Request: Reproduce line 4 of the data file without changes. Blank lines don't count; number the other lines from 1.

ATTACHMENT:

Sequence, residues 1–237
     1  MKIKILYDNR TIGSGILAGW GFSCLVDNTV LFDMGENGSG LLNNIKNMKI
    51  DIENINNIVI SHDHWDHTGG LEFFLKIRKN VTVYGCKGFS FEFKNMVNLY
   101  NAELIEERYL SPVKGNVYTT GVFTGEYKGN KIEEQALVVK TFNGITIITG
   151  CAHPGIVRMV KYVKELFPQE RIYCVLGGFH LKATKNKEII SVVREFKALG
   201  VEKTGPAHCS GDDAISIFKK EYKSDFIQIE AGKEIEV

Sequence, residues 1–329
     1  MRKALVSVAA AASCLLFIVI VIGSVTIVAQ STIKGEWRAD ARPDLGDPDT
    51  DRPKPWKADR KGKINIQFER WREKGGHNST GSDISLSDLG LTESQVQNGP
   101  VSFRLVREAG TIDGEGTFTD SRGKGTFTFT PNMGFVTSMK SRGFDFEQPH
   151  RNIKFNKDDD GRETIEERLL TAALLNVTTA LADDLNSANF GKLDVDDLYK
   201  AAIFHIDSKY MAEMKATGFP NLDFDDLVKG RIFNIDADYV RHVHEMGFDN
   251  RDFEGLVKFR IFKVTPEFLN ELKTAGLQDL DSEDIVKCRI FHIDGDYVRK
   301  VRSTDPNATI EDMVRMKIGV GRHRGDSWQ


   101  NAELIEERYL SPVKGNVYTT GVFTGEYKGN KIEEQALVVK TFNGITIITG